Our Backyard Neighbours

Garter snake in the vegetable garden, photo by Van Waffle

The Occupy Backyard movement has begun. Our yard is full of creatures availing themselves of food and shelter. It is encouraging to see how some small effort on our part draws such an enthusiastic response from nature.

A garter snake has taken up residence in the vegetable garden. Practically every afternoon I find the creature sunning itself on the straw. It warily slithers away as I go about my work. The idea of planting marigolds to deter groundhogs seems to have worked well so far. Spinach and arugula are burgeoning in the middle of the garden without interference. I went ahead and planted more marigolds around the far end where hopefully beans and squash will soon sprout.

The boss: red squirrel, photo by Van WaffleSummer birds do not need feeders as badly as winter visitors, so I was tempted to forgo the expense of seed. However, I cannot resist the entertainment value. Black-capped chickadees, American goldfinches, mourning doves and northern cardinals visit steadily through the day. So do common grackles. They were so common where I grew up I would hardly pay attention, but Danny enthuses daily about their splendid iridescence. New perspectives alert the senses. Blue jays, red-winged blackbirds and house finches also frequently appear.

The goldfinch talks with his mouth full, and beautifully. “Cheery me!” he says.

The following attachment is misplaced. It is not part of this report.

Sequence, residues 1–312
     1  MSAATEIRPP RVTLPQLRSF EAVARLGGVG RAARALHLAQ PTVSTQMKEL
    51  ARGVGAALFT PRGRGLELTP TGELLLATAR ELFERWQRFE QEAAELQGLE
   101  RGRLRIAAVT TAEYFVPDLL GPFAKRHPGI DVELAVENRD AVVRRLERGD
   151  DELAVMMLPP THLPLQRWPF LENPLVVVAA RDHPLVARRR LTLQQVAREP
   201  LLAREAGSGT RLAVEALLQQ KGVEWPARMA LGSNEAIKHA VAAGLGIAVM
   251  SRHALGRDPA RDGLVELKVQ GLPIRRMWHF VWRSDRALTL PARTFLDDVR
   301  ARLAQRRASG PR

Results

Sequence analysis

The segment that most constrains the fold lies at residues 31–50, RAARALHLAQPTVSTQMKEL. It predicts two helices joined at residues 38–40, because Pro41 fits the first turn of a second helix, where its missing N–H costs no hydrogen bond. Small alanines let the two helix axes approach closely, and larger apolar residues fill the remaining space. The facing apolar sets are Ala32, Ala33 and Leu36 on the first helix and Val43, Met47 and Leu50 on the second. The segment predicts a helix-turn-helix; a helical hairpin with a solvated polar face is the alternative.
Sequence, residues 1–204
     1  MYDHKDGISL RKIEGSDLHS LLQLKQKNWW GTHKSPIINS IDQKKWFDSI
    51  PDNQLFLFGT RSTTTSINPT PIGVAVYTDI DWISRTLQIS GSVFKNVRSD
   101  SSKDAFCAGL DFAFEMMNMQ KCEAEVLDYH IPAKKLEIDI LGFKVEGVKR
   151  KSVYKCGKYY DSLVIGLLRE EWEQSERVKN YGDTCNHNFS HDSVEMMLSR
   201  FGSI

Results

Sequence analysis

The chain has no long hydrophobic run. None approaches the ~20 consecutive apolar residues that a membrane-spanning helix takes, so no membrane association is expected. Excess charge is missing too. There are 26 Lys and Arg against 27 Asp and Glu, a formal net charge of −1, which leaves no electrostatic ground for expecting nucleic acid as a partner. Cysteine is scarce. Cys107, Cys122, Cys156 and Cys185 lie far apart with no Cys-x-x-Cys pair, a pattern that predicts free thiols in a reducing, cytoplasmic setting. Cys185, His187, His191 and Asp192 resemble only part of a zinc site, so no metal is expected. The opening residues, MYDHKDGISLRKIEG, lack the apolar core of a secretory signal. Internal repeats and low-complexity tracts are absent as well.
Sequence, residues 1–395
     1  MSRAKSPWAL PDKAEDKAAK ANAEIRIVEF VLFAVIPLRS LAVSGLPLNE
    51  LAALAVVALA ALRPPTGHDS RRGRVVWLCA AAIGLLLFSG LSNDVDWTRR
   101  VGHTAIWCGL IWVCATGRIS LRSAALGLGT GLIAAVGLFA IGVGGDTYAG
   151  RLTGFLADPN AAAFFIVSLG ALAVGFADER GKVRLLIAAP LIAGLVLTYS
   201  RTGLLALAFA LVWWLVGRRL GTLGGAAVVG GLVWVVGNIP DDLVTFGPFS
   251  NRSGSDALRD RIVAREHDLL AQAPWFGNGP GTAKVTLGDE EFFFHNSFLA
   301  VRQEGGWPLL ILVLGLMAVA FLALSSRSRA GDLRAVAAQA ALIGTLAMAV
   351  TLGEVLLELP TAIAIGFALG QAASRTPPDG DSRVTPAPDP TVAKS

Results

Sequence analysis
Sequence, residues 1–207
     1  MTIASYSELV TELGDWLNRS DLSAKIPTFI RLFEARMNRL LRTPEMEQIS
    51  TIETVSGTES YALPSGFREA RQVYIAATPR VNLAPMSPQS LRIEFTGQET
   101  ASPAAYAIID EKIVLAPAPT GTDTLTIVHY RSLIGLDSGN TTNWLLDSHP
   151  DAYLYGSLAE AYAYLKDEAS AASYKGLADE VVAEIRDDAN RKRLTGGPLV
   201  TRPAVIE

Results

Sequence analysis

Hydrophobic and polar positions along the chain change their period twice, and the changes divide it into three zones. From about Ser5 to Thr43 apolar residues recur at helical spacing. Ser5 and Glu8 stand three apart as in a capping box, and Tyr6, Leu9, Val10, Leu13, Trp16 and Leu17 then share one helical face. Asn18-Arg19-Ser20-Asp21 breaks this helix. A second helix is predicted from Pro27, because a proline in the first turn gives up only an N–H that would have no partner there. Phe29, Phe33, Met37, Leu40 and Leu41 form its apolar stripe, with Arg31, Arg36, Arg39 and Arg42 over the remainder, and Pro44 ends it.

The red squirrel is the undisputed boss of the garden. Even the larger grey squirrels seem disconcerted, although they will endure a brash scold while grazing scattered seeds from the deck. Earlier this week we put out a hummingbird feeder and oriole feeder on a high pole. Within hours the red squirrel had trashed the oriole feeder. For some reason the other has not attracted attention so hopefully hummers will take the opportunity.

Bee on daisy, photo by Van WaffleThe other day amidst a quarrelsome mayhem of grackles, finches and squirrels at the feeder, I looked down to see a rabbit grazing peacefully in the nearby chasm between deck and fence. Occasionally beyond the back fence, white-tailed deer drift by like ghosts.

One morning while sitting on the back deck I was startled and delighted to hear a scarlet tanager singing in the pine plantation. These songbirds are threatened by habitat fragmentation. They require large tracts of mature forest for nesting habitat. So late in the spring, this bird must have a nest nearby. It is a gift to have them in our city. I would love to put out oranges to attract them, but undoubtedly the squirrels would be too much of a nuisance.

The garden attracts a world of other creatures too quiet to notice. One of the greatest benefits of planting a garden is that it requires steady dedication. Those quiet times instill a greater awareness of things small and innocuous, the workers and foragers, all players in the great game.

Look around. What creatures do you see? Tell me. Do not give up fascination with things wondrous and commonplace.


Comments

Our Backyard Neighbours — 8 Comments